Grass Seed the feed that fuels your food
Today is both World Food Day and Blog Action Day. Because of the convergence of these two days blog writers have been challenged to write about food. The Agchat Foundation has gone a step further to challenge those with an agricultural background to blog about where food comes from.
Growing up I spent a lot of time on, in and around farms here in the mid Willamette Valley, Oregon. My grandparents and uncles all farm various types of grass seed. My grandmother will proudly tell anyone who’ll listen that all their pork, beef and lamb starts right there on her farm. Because, you see, grass seed does so much more than plant lawns.
- Both grass hay and straw are used to feed livestock,
- Grass fields are used to winter sheep,
- It is planted in pastures for cattle, and horses to graze on,
- It is used in orchards to control weeds,
- To control erosion and to naturally filter run off,
- Even as “logs” for your fireplace.
Oregon grows up to 70% of the grass seed in the world market. There are about 1,500 farming operations growing grass seed in Oregon. Many of those are going into their 3rd generation of family farmers. Grass seed is Oregon’s 5th largest agricultural crops and drives nearly one billion dollars of economic activity in the state.*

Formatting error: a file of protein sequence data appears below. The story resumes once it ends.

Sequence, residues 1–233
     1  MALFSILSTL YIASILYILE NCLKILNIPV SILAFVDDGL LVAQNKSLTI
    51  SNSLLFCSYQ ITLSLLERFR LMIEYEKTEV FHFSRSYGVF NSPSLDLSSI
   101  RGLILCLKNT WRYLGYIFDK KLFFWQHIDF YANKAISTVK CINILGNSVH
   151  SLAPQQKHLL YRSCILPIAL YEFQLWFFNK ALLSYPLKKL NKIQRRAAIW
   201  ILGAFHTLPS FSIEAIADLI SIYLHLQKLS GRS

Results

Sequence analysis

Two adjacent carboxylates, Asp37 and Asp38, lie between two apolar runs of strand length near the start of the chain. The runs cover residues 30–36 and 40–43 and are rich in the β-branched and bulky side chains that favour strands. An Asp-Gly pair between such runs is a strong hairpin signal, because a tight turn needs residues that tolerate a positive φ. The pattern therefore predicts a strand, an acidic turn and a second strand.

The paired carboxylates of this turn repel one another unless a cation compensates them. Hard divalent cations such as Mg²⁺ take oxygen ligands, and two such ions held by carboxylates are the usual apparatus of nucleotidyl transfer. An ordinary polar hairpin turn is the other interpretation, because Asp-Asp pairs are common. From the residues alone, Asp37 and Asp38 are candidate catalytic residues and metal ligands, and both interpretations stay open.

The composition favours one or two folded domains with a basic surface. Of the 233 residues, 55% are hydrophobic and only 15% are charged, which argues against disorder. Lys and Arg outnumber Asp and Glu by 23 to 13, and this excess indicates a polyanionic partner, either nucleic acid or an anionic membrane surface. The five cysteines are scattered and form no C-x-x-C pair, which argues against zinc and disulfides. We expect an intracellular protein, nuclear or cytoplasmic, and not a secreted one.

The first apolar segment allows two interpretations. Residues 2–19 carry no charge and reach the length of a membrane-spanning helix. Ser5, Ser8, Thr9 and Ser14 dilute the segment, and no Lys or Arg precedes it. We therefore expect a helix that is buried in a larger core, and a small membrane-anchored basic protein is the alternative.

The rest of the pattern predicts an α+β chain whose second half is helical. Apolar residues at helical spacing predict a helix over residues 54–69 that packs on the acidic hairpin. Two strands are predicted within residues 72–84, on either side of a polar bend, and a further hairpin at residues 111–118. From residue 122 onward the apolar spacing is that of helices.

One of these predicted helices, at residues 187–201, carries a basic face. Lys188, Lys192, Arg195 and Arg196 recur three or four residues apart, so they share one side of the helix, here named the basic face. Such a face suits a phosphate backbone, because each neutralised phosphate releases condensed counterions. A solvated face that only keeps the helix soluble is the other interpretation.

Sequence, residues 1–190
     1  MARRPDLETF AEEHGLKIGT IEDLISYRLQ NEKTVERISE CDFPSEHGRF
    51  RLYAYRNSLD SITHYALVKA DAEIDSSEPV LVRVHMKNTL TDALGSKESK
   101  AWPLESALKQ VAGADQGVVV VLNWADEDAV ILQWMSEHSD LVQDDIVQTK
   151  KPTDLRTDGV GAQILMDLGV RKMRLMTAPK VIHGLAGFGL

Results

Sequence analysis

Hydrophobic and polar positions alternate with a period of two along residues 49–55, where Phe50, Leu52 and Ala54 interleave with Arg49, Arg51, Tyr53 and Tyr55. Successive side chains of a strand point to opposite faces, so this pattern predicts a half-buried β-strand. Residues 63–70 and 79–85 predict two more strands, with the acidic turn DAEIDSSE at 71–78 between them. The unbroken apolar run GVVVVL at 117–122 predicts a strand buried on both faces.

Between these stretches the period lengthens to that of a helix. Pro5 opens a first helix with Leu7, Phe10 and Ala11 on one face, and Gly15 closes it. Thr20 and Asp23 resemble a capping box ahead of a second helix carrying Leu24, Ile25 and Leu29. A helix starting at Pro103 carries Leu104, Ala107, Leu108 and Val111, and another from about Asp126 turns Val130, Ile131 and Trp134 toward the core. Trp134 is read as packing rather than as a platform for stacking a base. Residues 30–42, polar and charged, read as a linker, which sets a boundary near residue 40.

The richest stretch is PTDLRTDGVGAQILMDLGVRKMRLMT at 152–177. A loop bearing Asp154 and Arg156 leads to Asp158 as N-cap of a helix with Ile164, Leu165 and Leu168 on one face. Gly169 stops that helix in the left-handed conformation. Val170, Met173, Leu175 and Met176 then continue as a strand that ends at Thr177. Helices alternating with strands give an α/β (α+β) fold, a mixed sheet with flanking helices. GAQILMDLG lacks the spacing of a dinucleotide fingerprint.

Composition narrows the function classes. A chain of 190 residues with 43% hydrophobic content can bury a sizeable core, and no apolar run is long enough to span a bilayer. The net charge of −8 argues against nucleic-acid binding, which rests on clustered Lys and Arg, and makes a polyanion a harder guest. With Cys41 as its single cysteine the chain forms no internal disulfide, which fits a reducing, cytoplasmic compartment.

Summer is harvest time for grass in Oregon. I began working on the farm as a teenager, driving seed trucks, combine harvesters, windrowers/swathers, and tractors. My current schedule, working in a school and freelancing, still allows me time drive a combine every harvest. And we buy grass feed beef from the son of the farmer I work for.
One agricultural organization has “Oregon Agriculture, Rooted, Green, Vital” as their motto. I couldn’t agree more. Working on the farm helps me feel rooted to the earth, part of a vital system that provide food for the world, and shows me what true “green” looks like.
*Facts provided by the Oregon seed council http://www.oregonseedcouncil.org/economy/